"Does history record any case in which the majority was right?"
Lazarus Long

Assistant Professor

Re: Speed tests

The tests don't solve it absolutely, but as I mentioned above, they do provide hints as to what the problem could be - aside from the obvious evening congestion issues (which I still maintain are from a majority people trying to stream TV at the same time). It's process of elimination.


* Disclaimer: I am a HughesNet customer and not a HughesNet employee. All of my comments are my own and do not necessarily represent HughesNet in any way.
Distinguished Professor IV

Re: Speed tests


@gaines_wright wrote:

 

"I'm reasonably sure of who it is you're referring to, and when the person can get some tests in using the protocol, which is designed and required for specific reasons, some of which have already been mentioned in this thread, the person will receive help. The tests already run are either too far apart, too close together, and/or there are too few during a testing "session"."

 

  Well, in her latest post she said after some hardware problems were fixed, she had two days of normal service, but it didn't last.  I personally think this was probably caused by the "infant mortality" of one of the components that was replaced.  Does she need to run a new set of speed tests to find out?  Smiley Embarassed)>


My mistake.  I thought you were referring to another member.  One who had Gen4, then upgraded to Gen5, and had more than a year's worth of speed tests.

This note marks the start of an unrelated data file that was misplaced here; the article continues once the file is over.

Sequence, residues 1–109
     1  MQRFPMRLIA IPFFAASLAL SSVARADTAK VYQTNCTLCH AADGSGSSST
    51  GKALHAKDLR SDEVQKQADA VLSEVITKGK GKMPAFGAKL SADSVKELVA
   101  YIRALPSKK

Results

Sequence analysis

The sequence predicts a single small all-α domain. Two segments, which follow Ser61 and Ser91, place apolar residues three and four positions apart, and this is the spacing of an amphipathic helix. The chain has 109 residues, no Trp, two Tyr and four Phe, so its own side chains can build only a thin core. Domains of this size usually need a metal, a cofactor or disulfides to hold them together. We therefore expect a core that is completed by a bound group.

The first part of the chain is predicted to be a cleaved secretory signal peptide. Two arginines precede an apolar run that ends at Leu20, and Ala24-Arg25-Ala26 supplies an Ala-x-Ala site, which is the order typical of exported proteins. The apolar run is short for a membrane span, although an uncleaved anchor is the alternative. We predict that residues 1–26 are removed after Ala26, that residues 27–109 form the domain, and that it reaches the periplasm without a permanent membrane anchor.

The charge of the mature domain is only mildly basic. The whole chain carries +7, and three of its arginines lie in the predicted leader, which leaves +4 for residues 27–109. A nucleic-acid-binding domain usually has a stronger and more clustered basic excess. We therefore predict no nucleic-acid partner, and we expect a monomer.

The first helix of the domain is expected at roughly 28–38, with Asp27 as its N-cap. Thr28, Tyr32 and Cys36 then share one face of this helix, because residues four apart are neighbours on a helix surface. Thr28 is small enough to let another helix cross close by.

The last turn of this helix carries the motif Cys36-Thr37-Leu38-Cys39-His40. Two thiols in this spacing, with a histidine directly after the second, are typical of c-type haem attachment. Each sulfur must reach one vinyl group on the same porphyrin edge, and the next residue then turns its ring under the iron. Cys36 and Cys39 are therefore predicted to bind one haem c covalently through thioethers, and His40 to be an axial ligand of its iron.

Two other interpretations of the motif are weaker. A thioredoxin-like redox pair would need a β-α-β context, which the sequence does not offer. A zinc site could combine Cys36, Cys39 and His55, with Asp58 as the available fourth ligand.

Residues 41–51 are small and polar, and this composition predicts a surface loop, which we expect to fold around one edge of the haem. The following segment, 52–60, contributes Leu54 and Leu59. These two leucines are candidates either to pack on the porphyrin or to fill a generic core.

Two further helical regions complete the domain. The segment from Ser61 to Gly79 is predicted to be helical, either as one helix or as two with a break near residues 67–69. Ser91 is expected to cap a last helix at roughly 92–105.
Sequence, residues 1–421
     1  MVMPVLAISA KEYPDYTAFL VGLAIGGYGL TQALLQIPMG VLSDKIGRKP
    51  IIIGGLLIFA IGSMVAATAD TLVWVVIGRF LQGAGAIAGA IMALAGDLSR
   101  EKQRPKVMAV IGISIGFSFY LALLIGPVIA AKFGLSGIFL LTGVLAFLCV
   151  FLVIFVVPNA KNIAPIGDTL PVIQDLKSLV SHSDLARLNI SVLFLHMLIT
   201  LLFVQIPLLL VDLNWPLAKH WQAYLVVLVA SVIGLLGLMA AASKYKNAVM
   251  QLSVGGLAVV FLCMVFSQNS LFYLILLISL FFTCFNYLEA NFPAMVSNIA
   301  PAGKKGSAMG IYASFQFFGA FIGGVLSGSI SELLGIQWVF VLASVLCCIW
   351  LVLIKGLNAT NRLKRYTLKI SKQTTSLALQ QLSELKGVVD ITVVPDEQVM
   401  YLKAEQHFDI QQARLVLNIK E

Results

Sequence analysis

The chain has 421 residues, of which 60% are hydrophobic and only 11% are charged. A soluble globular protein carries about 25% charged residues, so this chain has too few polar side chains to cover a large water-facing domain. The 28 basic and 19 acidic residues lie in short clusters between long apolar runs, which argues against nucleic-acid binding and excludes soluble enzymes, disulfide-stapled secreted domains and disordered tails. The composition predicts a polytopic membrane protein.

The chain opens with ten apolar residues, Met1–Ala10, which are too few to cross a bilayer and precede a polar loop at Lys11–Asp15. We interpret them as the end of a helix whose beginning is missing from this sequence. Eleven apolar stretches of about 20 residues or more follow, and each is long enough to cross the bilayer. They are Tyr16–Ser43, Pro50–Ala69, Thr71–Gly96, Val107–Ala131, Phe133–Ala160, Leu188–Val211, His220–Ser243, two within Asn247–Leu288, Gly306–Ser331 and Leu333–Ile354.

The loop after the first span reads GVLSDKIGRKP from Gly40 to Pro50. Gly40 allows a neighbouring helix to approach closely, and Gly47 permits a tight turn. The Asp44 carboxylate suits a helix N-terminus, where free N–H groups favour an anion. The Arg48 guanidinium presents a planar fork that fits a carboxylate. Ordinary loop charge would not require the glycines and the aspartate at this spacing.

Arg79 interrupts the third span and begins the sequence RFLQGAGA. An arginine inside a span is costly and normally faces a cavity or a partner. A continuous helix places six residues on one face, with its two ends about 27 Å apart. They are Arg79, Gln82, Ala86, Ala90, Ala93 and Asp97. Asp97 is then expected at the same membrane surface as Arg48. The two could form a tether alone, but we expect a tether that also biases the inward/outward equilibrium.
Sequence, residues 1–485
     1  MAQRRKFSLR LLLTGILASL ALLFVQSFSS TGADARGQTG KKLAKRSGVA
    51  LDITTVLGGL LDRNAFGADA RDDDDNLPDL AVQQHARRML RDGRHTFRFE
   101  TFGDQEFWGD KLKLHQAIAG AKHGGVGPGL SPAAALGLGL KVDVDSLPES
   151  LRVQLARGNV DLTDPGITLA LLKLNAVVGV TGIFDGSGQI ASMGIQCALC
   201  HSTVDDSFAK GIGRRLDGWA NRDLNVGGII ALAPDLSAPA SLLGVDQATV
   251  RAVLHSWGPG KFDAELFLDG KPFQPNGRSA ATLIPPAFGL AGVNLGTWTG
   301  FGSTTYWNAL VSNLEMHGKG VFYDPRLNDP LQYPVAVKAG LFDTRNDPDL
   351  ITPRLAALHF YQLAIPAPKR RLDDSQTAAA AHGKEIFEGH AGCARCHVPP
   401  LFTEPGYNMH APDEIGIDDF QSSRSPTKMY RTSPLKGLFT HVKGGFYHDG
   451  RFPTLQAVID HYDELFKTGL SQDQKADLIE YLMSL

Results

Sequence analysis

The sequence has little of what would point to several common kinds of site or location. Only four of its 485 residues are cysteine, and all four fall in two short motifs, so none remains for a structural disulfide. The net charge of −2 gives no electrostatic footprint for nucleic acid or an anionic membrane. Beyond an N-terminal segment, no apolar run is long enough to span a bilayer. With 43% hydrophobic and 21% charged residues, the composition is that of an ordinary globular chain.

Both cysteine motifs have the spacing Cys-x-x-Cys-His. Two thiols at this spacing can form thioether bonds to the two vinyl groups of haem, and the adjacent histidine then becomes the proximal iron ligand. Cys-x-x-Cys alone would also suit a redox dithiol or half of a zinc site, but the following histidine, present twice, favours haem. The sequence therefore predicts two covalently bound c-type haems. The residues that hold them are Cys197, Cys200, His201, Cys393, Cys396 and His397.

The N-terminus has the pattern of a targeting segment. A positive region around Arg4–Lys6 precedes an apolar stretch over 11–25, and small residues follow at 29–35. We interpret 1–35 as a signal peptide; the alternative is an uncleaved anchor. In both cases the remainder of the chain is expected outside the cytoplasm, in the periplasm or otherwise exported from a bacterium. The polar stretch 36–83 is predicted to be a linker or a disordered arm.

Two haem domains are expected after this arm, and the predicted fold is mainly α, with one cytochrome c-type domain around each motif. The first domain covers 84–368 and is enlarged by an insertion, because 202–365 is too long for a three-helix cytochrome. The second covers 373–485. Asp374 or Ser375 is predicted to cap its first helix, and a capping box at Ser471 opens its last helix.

I was under the impression that the person you are now referring to was a new customer, not only from memory, but due to the 20 days of data resets mentioned, which only new customers, or those upgrading to Gen5 from legacy systems, get.  


AMD FX-6100 | Samsung 250GB 840 EVO SSD | Western Digital Blue 500GB HDD | 16GB DDR3-1866 | EVGA Geforce GTX 550ti | Windows 10 Pro 64-bit

Re: Speed tests

Hello
 
 

 

 

"My mistake. I thought you were referring to another member who had Gen4, then upgraded to Gen5, and had more than a year's worth of speed tests."

 

  I'm getting confused now,  Smiley Embarassed)>   I had to go back and read my original posts   That was was the member in my original post.

 

  LOL!  This whole thread is turning into "A Comedy of Errors".  Understandable, since both members had handles  started with the letter 'v'.  I just hope they're not identical twins.

 

"I was under the impression that the person you are now referring to was a new customer, not only from memory, but due to the 20 days of data resets mentioned, which only new customers, or those upgrading to Gen5 from legacy systems, get."

 

 That's correct.  Well,  at least I think it is.  Smiley Embarassed)>

 

  I guess gen4 doesn't qualify as a legacy system.    When I upgraded from gen4 to gen5 I certainly didn't get it.  I hate it, when a company treats new customers better than old ones.  It seems to happen quite often though.  A friend of mine who upgraded to gen5 didn't get a break on data either.  If his wife finds out about this, she'll be on the phone raising cain until she gets something.  

 

  I'm certainly not going to be the one to tell her.  Smiley Embarassed)>